producer-demonic
If you need a more accessible version of this website, click this button on the right. Switch to Accessible Site
Our office is OPEN and following the recommended guidelines of the CDC
Point Pleasant
(732) 965-3100
Wednesday, 17 August 2022 00:00

Have you noticed a bony protrusion on the side of your big toe? If so, you may have developed the foot condition known as a bunion. Don't let bunions interfere with your daily activities.

Tuesday, 16 August 2022 00:00

Participating in athletic activities account for approximately 50% of broken or dislocated ankles. The remaining half of the population can break their ankle from pursuing daily activities which can include shopping, walking, and traveling. It can range from a hairline crack to a full blown fracture, and this can cause severe pain and discomfort. The ankle has three sections, consisting of the tibia, the fibula, and the talus bones. There are a total of 26 bones in each foot, and are surrounded by numerous tendons, ligaments, and muscles. In a severe fracture, one or more of the bones break, and may also affect the adjoining ligaments. Ankle function is often affected when any of these bones are broken. There are three types of ankle fractures that can occur. The bump on the inside of the ankle is called medial malleolus, and can become fractured from direct trauma. This often indicates a long recovery time. The bump on the outside of the ankle is created by the fibula, and may be injured as a result of a stress fracture. A bimalleolar fracture happens when both sides of the ankle become broken, and this can occur from a traumatic event such as a car accident. If you have broken your ankle, it is strongly advised that you consult with a podiatrist who can determine what the best course of treatment is for you.

Broken ankles need immediate treatment. If you are seeking treatment, contact Dr. Alan J. Spector from Shore Podiatry. Our doctor can provide the care you need to keep you pain-free and on your feet. 

Broken Ankles
A broken ankle is experienced when a person fractures their tibia or fibula in the lower leg and ankle area. Both of these bones are attached at the bottom of the leg and combine to form what we know to be our ankle.

When a physician is referring to a break of the ankle, he or she is usually referring to a break in the area where the tibia and fibula are joined to create our ankle joint. Ankles are more prone to fractures because the ankle is an area that suffers a lot of pressure and stress. There are some obvious signs when a person experiences a fractured ankle, and the following symptoms may be present.

Symptoms of a Fractured Ankle

  • Excessive pain when the area is touched or when any pressure is placed on the ankle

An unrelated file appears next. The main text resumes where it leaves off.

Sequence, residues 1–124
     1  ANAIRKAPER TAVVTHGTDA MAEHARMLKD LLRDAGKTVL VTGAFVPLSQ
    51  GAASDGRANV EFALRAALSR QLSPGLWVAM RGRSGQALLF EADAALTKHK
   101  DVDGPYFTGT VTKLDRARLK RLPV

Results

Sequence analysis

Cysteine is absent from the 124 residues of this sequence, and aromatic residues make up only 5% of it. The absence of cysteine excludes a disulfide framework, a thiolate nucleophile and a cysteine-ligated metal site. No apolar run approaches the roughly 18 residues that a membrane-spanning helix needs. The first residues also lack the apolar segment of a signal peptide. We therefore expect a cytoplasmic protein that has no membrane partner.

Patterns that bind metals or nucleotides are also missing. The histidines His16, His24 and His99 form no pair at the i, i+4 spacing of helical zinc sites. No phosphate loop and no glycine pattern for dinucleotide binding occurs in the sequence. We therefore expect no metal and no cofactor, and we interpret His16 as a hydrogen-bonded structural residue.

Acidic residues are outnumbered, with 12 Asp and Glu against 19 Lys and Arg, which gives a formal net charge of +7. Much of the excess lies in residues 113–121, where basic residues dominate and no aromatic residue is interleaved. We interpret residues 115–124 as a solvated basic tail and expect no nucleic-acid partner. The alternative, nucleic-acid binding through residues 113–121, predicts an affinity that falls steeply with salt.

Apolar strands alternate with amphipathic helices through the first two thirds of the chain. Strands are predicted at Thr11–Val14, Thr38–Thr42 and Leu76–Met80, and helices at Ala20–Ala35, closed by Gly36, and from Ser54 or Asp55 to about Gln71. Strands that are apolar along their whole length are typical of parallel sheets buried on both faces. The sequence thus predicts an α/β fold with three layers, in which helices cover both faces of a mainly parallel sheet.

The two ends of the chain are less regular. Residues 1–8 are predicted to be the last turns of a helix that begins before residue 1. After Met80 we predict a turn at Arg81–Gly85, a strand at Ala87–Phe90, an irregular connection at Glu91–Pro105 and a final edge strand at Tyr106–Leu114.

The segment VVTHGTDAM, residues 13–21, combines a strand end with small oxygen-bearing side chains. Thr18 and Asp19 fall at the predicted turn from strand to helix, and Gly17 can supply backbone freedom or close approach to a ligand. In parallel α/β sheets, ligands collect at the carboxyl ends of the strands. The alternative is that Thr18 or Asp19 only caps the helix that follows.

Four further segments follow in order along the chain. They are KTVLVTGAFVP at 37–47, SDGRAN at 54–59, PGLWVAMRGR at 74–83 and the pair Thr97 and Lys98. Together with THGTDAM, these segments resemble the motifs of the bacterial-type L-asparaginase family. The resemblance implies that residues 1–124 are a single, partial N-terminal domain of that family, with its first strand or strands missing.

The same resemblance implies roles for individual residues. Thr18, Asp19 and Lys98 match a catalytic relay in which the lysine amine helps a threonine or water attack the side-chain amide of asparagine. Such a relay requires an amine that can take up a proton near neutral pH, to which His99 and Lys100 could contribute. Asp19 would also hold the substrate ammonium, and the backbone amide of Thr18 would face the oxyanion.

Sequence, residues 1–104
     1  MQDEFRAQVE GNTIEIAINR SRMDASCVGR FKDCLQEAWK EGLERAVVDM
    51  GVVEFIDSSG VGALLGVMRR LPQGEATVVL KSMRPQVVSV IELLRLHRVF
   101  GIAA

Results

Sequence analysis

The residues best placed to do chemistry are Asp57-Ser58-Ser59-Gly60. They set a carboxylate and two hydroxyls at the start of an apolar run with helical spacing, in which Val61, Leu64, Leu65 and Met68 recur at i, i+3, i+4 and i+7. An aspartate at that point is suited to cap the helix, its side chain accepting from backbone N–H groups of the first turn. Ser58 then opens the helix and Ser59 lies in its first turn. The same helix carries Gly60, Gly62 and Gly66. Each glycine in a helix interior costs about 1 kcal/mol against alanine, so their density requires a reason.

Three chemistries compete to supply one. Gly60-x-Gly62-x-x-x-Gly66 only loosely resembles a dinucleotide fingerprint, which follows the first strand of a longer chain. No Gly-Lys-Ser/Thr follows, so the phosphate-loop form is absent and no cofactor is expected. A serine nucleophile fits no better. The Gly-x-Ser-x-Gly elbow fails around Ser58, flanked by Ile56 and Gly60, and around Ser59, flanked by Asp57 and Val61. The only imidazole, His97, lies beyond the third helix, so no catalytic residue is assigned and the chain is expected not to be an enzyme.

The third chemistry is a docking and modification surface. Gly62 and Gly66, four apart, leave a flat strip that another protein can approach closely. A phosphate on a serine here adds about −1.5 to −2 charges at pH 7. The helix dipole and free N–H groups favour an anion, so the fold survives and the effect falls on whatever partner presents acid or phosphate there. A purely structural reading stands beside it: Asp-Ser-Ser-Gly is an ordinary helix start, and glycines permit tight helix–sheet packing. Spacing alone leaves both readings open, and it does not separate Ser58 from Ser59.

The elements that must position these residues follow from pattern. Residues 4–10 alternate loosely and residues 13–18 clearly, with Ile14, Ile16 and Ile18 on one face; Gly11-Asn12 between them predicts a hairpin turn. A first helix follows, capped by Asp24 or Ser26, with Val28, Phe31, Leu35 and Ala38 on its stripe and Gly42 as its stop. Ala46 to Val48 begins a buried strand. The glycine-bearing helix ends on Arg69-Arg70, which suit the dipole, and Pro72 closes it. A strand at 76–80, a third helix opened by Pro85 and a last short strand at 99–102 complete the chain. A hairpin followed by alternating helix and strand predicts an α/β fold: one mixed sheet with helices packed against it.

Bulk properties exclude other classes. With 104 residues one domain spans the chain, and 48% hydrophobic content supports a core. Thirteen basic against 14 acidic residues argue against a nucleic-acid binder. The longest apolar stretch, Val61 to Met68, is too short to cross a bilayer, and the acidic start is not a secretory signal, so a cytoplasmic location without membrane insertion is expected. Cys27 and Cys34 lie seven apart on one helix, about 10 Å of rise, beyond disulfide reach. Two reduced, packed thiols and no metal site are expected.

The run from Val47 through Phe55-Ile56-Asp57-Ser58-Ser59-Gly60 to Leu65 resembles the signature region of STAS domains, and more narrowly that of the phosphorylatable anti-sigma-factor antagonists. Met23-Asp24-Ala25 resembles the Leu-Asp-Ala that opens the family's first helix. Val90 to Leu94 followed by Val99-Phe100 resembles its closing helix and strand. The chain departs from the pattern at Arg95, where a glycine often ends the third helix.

•  Swelling around the area
  •  Bruising of the area
  • Area appears to be deformed

If you suspect an ankle fracture, it is recommended to seek treatment as soon as possible. The sooner you have your podiatrist diagnose the fracture, the quicker you’ll be on the way towards recovery.

If you have any questions, please feel free to contact our office located in Point Pleasant, NJ . We offer the newest diagnostic and treatment technologies for all your foot care needs.

Read more about All About Broken Ankles
Tuesday, 09 August 2022 00:00

Sore feet can be common as the aging process occurs. It is beneficial to frequently perform simple foot stretches and exercises, and this can promote increased flexibility and range of motion. An effective stretch is done by sitting in a chair, and while keeping the feet flat on the floor. Start by raising the toes off the floor several times, followed by the heels, and hold for a few seconds. The big toe can be stretched by bringing one foot up to rest on the knee of the other leg, and gently stretching the big toe up and down. This can help to maintain a wide range of motion in the toe, in addition to relieving pain from wearing tight shoes. All the toes can receive an adequate stretch when a toe splay is practiced. This is accomplished by keeping the heel on the ground, and moving all the toes at once up and down. There are many additional benefits to stretching the feet, and it is suggested that you speak with a podiatrist who can guide you toward the right stretching techniques.

Why Stretching Is Important for Your Feet

Stretching the feet is a great way to prevent injuries. If you have any concerns with your feet consult with Dr. Alan J. Spector from Shore Podiatry. Our doctor will assess your condition and provide you with quality foot and ankle treatment.

Stretching the Feet